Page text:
There are still drawbacks in this mode. If you play an Exhibition match, it replaces the next match in the WWE Universe and is implemented into that world. If you create a character, he is added into the Universe as well. I'd like an option to keep whatever I wanted separate, but I like that THQ/Yukes wants the game to revolve around the mode.
Also, I have not seen any promos, and I always seem to get some random wrestler shown in the front row with a ticket, but he never impacts anything.
Road To WrestleMania
This mode is SvR's equivalent to a "season" mode. You can pick from four wrestlers to play through a storyline specific to them, or opt for the Vs. Undertaker mode. The Undertaker one is a small step in the right direction because you can be any one of four young WWE mid-carders or your own created wrestler.
The developers have re-introduced the backstage area to walk around in, but it is pretty dumb, and its sophistication belongs in a Nintendo 64 game.
There are not many choices to make in this mode, but at least losing a match does not always make you restart the week. It branches out a little bit more than in recent tries, but it still pales in comparison to the heralded Here Comes The Pain story mode. Anything less than that will continue to be a severe disappointment. There just seems to be no emotion behind this mode.
I was glad to see the developers left this mode in from last year. You can create your own storylines by choosing from loads of interactions and cut scenes while having the ability to add your own text (just plug in your keyboard if you opt to do this). Then you can add matches and even decide how you want them to be played out, a potentially sweet new feature that, like everything else, needs to be fleshed out a bit.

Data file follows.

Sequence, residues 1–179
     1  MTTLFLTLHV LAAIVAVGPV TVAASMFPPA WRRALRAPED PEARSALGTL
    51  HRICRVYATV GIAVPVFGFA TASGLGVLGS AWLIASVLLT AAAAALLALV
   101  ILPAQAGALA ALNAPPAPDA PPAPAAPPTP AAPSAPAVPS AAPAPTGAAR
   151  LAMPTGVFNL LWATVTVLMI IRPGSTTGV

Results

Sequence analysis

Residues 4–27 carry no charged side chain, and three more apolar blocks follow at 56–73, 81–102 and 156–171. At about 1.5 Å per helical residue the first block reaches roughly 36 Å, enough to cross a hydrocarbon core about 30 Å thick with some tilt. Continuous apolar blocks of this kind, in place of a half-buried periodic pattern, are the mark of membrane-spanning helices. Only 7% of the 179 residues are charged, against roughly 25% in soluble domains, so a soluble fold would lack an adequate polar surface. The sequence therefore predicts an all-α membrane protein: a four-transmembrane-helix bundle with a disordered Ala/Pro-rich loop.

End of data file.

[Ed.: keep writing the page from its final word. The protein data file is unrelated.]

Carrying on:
You can play out these storylines yourself or upload them and have others play them out and review them. You can't upload anything that contains anything you downloaded from the user community, however.
The biggest thumbs up here goes to the amount of choices you have in how a feud or story plays out.
I won't spend much time on this because it is the same as usual, and I haven't used it much since you can download community created CAWs. But as always, this feature of the game is deep and, with enough focus, you can create a fantastic looking wrestler.
This year's big online addition is the Royal Rumble. For how many people that are hooked into one at once (up to 12), the Rumble runs surprisingly smoothly aside from the brutal loading time. Once you are in, you trash talk until you get eliminated, get randomly assigned to someone else coming in, and continue to trash talk until you get eliminated again. The ease with which you get eliminated is lame, but that is more a reflection on the Rumble mode itself.